Jeremy Stacey and co-offenders placed on good behaviour bonds, ordered to pay compensation

FOUR young Warrnambool men have been placed on good behaviour bonds after being involved in up to 30 targeted attacks on Asian meat workers.

Jeremy Stacey, 20, of Carramar Crescent, Warrnambool, pleaded guilty to offences during August and had to participate with three co-offenders in a group conference where they met their victims.

Stacey, and the co-offenders who cannot be named because they were aged under 18 years old at the time of the offending, were on Tuesday all placed on 12-month good behaviour bonds.

Conditions of the bonds included that they provide letters of apology to the victims, which they have, and each pay $781 compensation for the damage they caused.

Stacey and his co-offenders pleaded guilty to a range of charges relating to causing damage by throwing eggs and rocks at Asian workers and their homes.

Most of the offending happened between April and August last year when members of a group went for drives with Stacey in his car.

In the up to 30 attacks, there were 17 homes, mostly in west Warrnambool, which were egged or rocked and several were targeted several times.

Magistrate Peter Mellas said on Tuesday it was initially feared the attacks were wholly racially motivated by the "four idiots" but that did not now seem to be the case.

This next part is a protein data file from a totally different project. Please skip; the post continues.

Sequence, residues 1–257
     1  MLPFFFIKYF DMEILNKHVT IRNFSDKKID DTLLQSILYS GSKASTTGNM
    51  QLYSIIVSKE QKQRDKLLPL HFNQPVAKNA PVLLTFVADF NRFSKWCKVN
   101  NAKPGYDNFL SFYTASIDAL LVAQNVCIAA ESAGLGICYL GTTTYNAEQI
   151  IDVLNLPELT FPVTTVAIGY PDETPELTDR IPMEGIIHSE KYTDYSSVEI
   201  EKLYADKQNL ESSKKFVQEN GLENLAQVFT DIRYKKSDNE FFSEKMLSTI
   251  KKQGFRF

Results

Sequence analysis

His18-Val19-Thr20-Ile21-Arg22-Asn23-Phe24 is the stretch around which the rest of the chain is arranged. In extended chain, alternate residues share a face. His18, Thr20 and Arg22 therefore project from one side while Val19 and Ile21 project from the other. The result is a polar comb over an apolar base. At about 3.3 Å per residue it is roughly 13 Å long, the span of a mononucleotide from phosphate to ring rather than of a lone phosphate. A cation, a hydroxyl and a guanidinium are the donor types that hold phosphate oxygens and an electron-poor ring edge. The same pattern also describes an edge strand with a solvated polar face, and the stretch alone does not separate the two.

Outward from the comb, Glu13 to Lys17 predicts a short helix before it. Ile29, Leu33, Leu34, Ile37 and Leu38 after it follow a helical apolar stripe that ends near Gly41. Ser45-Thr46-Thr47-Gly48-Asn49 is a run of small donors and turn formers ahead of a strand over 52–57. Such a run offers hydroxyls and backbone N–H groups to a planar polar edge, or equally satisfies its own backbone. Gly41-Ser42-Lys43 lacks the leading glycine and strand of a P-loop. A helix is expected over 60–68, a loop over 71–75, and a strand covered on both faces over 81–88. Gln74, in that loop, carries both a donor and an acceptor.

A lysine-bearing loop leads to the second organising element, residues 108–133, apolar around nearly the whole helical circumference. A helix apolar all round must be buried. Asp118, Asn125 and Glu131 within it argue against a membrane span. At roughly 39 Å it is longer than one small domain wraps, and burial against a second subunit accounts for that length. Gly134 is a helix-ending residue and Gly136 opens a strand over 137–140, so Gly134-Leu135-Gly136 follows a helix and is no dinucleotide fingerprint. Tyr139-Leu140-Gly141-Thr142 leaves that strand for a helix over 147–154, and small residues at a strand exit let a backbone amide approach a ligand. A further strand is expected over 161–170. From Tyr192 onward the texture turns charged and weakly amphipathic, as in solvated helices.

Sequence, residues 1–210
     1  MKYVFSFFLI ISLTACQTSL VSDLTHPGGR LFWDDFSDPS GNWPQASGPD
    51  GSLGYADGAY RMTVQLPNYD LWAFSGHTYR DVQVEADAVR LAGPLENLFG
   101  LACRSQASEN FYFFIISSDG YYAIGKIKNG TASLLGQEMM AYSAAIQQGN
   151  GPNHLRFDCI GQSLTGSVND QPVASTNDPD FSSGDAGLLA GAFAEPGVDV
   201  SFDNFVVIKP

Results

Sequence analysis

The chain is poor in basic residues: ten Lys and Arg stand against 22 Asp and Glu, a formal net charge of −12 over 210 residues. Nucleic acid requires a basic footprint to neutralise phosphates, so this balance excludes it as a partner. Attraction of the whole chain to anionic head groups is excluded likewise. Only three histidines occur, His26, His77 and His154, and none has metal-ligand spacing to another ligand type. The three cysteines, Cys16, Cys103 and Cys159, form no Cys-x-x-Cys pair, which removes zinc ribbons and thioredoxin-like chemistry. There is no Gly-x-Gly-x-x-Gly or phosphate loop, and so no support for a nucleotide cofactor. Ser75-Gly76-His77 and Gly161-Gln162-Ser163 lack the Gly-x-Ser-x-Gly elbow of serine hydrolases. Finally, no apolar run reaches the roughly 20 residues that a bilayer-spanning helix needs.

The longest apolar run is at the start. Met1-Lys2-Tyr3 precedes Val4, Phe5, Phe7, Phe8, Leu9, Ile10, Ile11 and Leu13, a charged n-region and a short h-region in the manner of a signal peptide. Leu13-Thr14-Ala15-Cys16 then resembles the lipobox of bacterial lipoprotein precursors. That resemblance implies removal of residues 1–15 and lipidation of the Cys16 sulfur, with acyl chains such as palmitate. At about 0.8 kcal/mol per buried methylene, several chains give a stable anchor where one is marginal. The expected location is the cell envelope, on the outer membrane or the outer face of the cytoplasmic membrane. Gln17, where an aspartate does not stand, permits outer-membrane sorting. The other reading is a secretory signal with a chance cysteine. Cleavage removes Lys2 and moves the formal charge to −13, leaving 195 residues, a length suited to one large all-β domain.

He said the victims were initially identified because of their race but were then focused on because they were soft targets seen as unlikely to report the attacks to police.

The magistrate said that since the plea hearings in August the community had voiced outrage through the local media and the case had an enormous impact.

He said victims had explained they feared for their safety and the level of acceptance in the community.

Many of the victims have already returned to their overseas homes angry, resentful and with a negative attitude of Warrnambool and that there was an issue about how this region treated guests. 

Mr Mellas said it was clear that the group conferencing had been a confronting process which allowed the victim a say and for the offenders a chance to consider the impact of their actions.

One of the offenders recalled a look of fear on one of the victim's faces during an attack.

Mr Mellas apologised to the victims of behalf of the community, saying the actions of the offenders were not a reflection of the community's thinking.

He said the overseas workers were brought in to do jobs that many in this community would simply not do.

The magistrate said the offending was a clear reflection of the youths' immaturity and a pack mentality had taken over which became addictive and contributed to the repeat offending.

Mr Mellas said it was unlikely the youths would offend in a similar way or even again in their lives.